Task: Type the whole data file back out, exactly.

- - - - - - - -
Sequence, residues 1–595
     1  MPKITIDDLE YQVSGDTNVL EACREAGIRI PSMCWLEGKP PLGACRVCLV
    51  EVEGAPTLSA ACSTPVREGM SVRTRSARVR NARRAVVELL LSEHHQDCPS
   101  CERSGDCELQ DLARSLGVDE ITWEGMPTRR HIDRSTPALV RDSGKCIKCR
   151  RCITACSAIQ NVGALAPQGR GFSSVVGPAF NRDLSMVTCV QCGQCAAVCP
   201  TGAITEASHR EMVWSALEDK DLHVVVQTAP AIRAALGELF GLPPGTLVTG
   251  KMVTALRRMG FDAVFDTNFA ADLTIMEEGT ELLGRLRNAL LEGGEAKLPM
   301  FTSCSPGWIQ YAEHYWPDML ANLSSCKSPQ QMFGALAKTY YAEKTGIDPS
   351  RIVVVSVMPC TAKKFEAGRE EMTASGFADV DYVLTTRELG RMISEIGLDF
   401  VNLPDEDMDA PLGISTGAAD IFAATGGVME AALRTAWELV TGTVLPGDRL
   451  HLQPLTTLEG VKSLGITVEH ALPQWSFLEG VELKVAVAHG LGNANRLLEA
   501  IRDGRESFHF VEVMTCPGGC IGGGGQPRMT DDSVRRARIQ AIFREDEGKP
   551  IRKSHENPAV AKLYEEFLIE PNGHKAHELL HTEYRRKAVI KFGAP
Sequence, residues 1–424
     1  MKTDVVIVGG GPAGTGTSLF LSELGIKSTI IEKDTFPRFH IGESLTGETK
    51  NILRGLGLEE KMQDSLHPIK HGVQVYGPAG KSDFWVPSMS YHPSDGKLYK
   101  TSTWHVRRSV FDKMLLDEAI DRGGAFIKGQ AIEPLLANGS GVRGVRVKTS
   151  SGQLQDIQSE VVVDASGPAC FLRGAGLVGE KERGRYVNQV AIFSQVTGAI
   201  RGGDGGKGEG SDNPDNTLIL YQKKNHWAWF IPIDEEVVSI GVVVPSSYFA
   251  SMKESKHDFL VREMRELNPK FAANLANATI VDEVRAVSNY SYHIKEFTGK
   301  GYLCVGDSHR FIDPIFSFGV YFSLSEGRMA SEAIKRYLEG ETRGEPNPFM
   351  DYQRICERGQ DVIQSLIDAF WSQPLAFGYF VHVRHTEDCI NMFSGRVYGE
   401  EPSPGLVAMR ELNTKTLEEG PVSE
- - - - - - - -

Sequence, residues 1–595
     1  MPKITIDDLE YQVSGDTNVL EACREAGIRI PSMCWLEGKP PLGACRVCLV
    51  EVEGAPTLSA ACSTPVREGM SVRTRSARVR NARRAVVELL LSEHHQDCPS
   101  CERSGDCELQ DLARSLGVDE ITWEGMPTRR HIDRSTPALV RDSGKCIKCR
   151  RCITACSAIQ NVGALAPQGR GFSSVVGPAF NRDLSMVTCV QCGQCAAVCP
   201  TGAITEASHR EMVWSALEDK DLHVVVQTAP AIRAALGELF GLPPGTLVTG
   251  KMVTALRRMG FDAVFDTNFA ADLTIMEEGT ELLGRLRNAL LEGGEAKLPM
   301  FTSCSPGWIQ YAEHYWPDML ANLSSCKSPQ QMFGALAKTY YAEKTGIDPS
   351  RIVVVSVMPC TAKKFEAGRE EMTASGFADV DYVLTTRELG RMISEIGLDF
   401  VNLPDEDMDA PLGISTGAAD IFAATGGVME AALRTAWELV TGTVLPGDRL
   451  HLQPLTTLEG VKSLGITVEH ALPQWSFLEG VELKVAVAHG LGNANRLLEA
   501  IRDGRESFHF VEVMTCPGGC IGGGGQPRMT DDSVRRARIQ AIFREDEGKP
   551  IRKSHENPAV AKLYEEFLIE PNGHKAHELL HTEYRRKAVI KFGAP
Sequence, residues 1–424
     1  MKTDVVIVGG GPAGTGTSLF LSELGIKSTI IEKDTFPRFH IGESLTGETK
    51  NILRGLGLEE KMQDSLHPIK HGVQVYGPAG KSDFWVPSMS YHPSDGKLYK
   101  TSTWHVRRSV FDKMLLDEAI DRGGAFIKGQ AIEPLLANGS GVRGVRVKTS
   151  SGQLQDIQSE VVVDASGPAC FLRGAGLVGE KERGRYVNQV AIFSQVTGAI
   201  RGGDGGKGEG SDNPDNTLIL YQKKNHWAWF IPIDEEVVSI GVVVPSSYFA
   251  SMKESKHDFL VREMRELNPK FAANLANATI VDEVRAVSNY SYHIKEFTGK
   301  GYLCVGDSHR FIDPIFSFGV YFSLSEGRMA SEAIKRYLEG ETRGEPNPFM
   351  DYQRICERGQ DVIQSLIDAF WSQPLAFGYF VHVRHTEDCI NMFSGRVYGE
   401  EPSPGLVAMR ELNTKTLEEG PVSE